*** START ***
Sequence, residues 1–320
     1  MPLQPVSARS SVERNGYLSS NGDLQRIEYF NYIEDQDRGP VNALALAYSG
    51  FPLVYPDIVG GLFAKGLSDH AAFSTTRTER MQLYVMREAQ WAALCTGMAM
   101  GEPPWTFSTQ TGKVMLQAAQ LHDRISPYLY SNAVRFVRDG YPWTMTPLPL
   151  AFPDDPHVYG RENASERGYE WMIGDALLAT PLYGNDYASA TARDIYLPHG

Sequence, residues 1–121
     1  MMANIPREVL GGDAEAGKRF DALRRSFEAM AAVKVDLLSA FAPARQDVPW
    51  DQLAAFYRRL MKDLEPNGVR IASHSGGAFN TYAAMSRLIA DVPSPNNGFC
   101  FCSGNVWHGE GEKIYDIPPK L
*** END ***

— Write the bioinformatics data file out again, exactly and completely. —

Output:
Sequence, residues 1–320
     1  MPLQPVSARS SVERNGYLSS NGDLQRIEYF NYIEDQDRGP VNALALAYSG
    51  FPLVYPDIVG GLFAKGLSDH AAFSTTRTER MQLYVMREAQ WAALCTGMAM
   101  GEPPWTFSTQ TGKVMLQAAQ LHDRISPYLY SNAVRFVRDG YPWTMTPLPL
   151  AFPDDPHVYG RENASERGYE WMIGDALLAT PLYGNDYASA TARDIYLPHG

Sequence, residues 1–121
     1  MMANIPREVL GGDAEAGKRF DALRRSFEAM AAVKVDLLSA FAPARQDVPW
    51  DQLAAFYRRL MKDLEPNGVR IASHSGGAFN TYAAMSRLIA DVPSPNNGFC
   101  FCSGNVWHGE GEKIYDIPPK L